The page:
The mid-range does seem to have some dips, however, as some vocals and instruments didn’t come out as well as others. Both the vocals and the electric guitar on Pneuma by Tool were under a layer of Vaseline.
Part of the reason why the instruments often feel toothless on the Bullets Wireless Z is the anemic top-end. A typical v-shaped sound would have a more exaggerated treble response but the Bullets Wireless Z dials it back way down for some reason, which rounds off some hot or particularly shimmery tracks but significantly clouds others. It’s not overly dark or muted but you miss out on some of the sparkle and it does roll off fairly quickly.
When seen as a whole, the overall sound signature can often be pleasant on most tracks. But the lack of detail in the mids and highs is almost always felt, and on tracks with heavy low-end, the rumble tends to make things a bit fatiguing. However, some people do prefer their music that way, so your mileage may vary.
As for imaging and soundstage, the Bullets Wireless Z do fine with the former, with good object placement and movement. Unfortunately, the soundstage is fairly congested and focused in the middle of the listening sphere.
Comparisons to the more expensive Bullets Wireless 2 are inevitable, especially considering how similar they look, which might cause some people to assume they sound the same but they don’t. The Bullets Wireless 2 are leagues ahead of the Bullets Wireless Z when it comes to the refinement of the sound. The bass has a nice punch to it without being overbearing. The mids are a bit recessed but not muddy and the high-end has actual air and sparkle to it. The soundstage is also so much more expansive with depth and dimensionality.
It’s just a more pleasing sound overall while also being technically superior and why I loved the Bullets Wireless 2 so much back when I reviewed it as there were hardly any products in that price range that sounded as good. Unfortunately, with the Bullets Wireless Z, OnePlus is clearly dealing with lesser quality hardware (and just lesser hardware, if you compare the driver count).
The company made the arguably correct decision to tune the drivers in a way that would be more pleasing to buyers in this price category while the more expensive Bullets Wireless 2 had a more mature and refined sound that not everyone can appreciate.
So while the Bullets Wireless Z don’t sound bad per se and are the best you can get in their price range, especially when compared to the turbid Realme Buds Wireless that cost just a bit less. But the Bullets Wireless 2 are still the superior choice for those who value audio quality above all else. Too bad they aren’t going to be on sale for long.
As far as the microphone quality is concerned, it is adequate for voice calls. The sound is a bit muted and not the clearest you’d hear, especially if you are coming from a wired headset, but is acceptable for a budget Bluetooth headset.
Finally, the latency when paired with an iPhone XR was also quite acceptable, both for watching videos and playing casual games. As mentioned before, I did not have a OnePlus smartphone at hand to test the low latency mode and that feature doesn’t work with any other device.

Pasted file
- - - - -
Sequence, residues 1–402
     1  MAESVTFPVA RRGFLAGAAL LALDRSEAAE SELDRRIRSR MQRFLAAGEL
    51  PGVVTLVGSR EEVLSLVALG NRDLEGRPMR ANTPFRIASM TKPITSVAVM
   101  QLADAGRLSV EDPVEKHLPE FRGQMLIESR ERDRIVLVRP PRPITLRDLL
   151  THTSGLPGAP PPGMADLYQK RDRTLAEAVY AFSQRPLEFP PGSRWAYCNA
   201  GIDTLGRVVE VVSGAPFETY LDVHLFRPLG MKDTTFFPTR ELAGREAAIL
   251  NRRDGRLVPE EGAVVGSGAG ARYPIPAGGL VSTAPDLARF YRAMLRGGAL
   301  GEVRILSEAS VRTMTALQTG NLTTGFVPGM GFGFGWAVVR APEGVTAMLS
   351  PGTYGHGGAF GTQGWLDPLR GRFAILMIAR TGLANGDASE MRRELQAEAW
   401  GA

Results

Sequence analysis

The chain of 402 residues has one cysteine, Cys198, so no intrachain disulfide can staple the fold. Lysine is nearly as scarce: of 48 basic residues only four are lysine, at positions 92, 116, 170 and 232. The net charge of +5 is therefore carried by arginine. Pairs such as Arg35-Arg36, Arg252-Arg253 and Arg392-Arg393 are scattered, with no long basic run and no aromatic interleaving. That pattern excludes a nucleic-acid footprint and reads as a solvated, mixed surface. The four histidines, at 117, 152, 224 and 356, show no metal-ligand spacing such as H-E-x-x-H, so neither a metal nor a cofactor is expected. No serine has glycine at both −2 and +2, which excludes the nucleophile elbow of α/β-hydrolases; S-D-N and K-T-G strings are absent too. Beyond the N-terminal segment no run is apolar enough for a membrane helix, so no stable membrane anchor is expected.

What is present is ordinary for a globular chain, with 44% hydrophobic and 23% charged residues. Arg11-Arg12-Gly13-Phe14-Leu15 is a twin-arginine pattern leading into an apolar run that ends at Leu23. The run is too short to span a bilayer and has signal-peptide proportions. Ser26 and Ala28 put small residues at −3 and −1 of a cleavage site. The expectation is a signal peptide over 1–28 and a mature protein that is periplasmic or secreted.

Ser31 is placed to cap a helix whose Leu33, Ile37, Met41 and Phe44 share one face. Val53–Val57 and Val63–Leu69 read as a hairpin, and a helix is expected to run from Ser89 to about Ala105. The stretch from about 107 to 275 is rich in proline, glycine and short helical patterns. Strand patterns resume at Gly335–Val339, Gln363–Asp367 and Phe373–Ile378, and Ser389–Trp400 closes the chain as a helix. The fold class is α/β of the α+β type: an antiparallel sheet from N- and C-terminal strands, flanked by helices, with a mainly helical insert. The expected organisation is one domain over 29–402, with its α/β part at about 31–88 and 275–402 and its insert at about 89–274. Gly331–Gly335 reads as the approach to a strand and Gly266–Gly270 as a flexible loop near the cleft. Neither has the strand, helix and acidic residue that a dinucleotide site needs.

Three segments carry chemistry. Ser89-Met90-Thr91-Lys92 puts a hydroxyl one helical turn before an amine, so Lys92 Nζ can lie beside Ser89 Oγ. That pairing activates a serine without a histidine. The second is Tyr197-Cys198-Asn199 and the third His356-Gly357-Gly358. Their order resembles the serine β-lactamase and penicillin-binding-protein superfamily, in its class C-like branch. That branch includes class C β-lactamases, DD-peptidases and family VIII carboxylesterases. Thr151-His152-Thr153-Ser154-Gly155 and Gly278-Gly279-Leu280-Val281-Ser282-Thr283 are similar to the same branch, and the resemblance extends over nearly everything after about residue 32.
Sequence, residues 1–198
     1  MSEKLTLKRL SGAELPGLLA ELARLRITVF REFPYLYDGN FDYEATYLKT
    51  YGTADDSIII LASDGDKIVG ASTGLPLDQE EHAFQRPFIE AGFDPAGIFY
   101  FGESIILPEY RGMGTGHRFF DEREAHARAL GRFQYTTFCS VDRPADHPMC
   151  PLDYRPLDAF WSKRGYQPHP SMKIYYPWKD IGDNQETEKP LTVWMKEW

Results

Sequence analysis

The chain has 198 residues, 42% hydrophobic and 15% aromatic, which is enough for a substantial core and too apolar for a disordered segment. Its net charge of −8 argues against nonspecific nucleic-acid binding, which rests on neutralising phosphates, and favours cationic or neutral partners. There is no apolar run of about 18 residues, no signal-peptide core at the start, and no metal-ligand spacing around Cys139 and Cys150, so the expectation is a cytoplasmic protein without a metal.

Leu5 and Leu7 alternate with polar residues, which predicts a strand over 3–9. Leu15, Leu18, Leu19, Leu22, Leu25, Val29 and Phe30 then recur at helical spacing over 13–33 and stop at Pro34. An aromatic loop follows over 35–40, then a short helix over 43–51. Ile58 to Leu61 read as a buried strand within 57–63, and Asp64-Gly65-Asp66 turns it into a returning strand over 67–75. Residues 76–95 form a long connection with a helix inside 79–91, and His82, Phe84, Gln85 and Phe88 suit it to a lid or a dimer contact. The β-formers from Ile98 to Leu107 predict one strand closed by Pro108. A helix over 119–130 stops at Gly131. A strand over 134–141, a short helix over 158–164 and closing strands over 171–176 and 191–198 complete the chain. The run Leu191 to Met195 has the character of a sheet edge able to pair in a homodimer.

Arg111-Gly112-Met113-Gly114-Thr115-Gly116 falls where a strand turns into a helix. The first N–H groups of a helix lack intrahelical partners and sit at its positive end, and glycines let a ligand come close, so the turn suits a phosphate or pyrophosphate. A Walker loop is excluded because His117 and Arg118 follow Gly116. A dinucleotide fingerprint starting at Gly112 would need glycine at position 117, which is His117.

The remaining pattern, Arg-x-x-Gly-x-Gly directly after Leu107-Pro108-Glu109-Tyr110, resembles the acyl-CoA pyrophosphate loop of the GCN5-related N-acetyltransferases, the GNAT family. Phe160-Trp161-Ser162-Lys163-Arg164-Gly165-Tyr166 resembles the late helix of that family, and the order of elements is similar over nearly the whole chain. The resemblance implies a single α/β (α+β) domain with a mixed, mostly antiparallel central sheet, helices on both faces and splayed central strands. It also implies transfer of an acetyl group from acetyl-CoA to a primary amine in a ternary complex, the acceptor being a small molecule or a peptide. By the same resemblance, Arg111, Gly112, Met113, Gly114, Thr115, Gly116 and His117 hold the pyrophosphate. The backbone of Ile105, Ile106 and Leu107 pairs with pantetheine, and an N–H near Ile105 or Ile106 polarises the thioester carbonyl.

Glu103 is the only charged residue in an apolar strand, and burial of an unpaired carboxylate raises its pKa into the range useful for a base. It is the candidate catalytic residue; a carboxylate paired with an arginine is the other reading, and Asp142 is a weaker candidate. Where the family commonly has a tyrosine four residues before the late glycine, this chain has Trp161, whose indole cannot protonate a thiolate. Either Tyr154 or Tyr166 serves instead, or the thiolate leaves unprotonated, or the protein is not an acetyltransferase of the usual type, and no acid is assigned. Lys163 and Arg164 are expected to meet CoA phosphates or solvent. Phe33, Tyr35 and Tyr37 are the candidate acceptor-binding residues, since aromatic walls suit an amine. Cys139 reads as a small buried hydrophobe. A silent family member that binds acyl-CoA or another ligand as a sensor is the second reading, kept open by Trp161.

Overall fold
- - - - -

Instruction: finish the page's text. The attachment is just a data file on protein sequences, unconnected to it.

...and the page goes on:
One reason to still stick to the cheaper Bullets Wireless Z over the Bullets Wireless 2 is the battery life. While the Bullets Wireless 2 were no slouch at 14 hours of continuous playback, the Bullets Wireless Z claim 20 hours. On top of that, OnePlus also claims that with just a 10-minute charge, you can get 10 hours of playback time.
To test the first claim, I looped my usual test track at a comfortable volume until the battery drained. The Bullets Wireless Z went on for just a few minutes over the 20 hour mark, which means OnePlus’ claim is right on the money. That much battery life could get you through any international flight, as and when flying becomes an option again.
As for the second claim, our Bullets Wireless Z actually managed to go on for a lot longer than 10 hours after a 10-minute charge. The reason for this is that OnePlus specifies a conservative 5V/600mA minimum charger to reach the advertised 10 hours claim. Since our charger was a lot higher than that, the earphones actually went on for around 13 hours. We expect most people to have chargers higher than 5V/600mA lying around so you’d easily be able to surpass OnePlus’s claim here. And for those wondering, a full charge takes around 50 minutes from flat.
All in all, solid battery life from the new Bullets Wireless Z.
The Bullets Wireless Z are the best wireless earphones we have tested in their price range. They are well-designed, comfortable, and have quite a few convenient features. They also offer certified water-resistance, which is sure to assuage those who (still) go for a run or want to listen to music around water.
The sound quality is quite acceptable for the price. We have certainly heard better, most notably from OnePlus’ own Bullets Wireless 2, but not in this price range. For buyers on a budget, the audio quality on offer should be perfectly acceptable and even enjoyable.
The cherry on top is the battery life. While everyone and their cat are after truly wireless earbuds these days, there’s no denying that the neckband-style design still holds an advantage when it comes to practicality and the Bullets Wireless Z are a great example of that. And while 20 hours of playback is great, what’s truly impressive is the 10+ hours you can get out of just a 10-minute charge.
Overall, the Bullets Wireless Z are our favorite budget wireless earphones and we highly recommend them to anyone looking to shop in this price range.